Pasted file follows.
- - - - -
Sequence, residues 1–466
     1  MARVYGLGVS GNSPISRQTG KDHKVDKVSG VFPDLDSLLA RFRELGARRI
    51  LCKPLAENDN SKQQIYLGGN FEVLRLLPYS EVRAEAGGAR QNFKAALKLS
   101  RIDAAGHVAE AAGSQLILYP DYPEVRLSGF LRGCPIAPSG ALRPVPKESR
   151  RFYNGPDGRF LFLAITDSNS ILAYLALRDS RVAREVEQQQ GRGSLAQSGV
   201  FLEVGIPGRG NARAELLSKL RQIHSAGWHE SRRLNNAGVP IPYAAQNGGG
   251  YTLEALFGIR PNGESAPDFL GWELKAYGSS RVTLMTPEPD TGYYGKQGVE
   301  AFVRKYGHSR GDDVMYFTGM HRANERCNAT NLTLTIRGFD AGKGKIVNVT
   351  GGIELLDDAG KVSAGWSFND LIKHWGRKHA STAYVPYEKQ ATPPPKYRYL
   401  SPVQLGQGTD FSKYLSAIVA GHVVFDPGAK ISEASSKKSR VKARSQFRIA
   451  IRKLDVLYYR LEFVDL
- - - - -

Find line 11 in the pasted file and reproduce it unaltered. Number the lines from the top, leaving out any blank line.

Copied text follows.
   451  IRKLDVLYYR LEFVDL